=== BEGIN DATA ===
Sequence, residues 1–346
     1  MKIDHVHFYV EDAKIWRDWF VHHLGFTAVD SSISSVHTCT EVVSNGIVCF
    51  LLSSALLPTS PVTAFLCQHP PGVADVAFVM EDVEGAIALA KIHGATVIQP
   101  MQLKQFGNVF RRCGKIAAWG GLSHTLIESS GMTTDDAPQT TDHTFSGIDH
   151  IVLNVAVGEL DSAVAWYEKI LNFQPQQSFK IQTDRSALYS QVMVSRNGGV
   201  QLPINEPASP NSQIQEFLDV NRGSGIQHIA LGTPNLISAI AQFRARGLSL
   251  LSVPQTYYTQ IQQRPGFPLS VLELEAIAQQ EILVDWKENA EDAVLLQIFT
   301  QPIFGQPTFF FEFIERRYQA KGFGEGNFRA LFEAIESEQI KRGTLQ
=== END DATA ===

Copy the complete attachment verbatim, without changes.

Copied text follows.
Sequence, residues 1–346
     1  MKIDHVHFYV EDAKIWRDWF VHHLGFTAVD SSISSVHTCT EVVSNGIVCF
    51  LLSSALLPTS PVTAFLCQHP PGVADVAFVM EDVEGAIALA KIHGATVIQP
   101  MQLKQFGNVF RRCGKIAAWG GLSHTLIESS GMTTDDAPQT TDHTFSGIDH
   151  IVLNVAVGEL DSAVAWYEKI LNFQPQQSFK IQTDRSALYS QVMVSRNGGV
   201  QLPINEPASP NSQIQEFLDV NRGSGIQHIA LGTPNLISAI AQFRARGLSL
   251  LSVPQTYYTQ IQQRPGFPLS VLELEAIAQQ EILVDWKENA EDAVLLQIFT
   301  QPIFGQPTFF FEFIERRYQA KGFGEGNFRA LFEAIESEQI KRGTLQ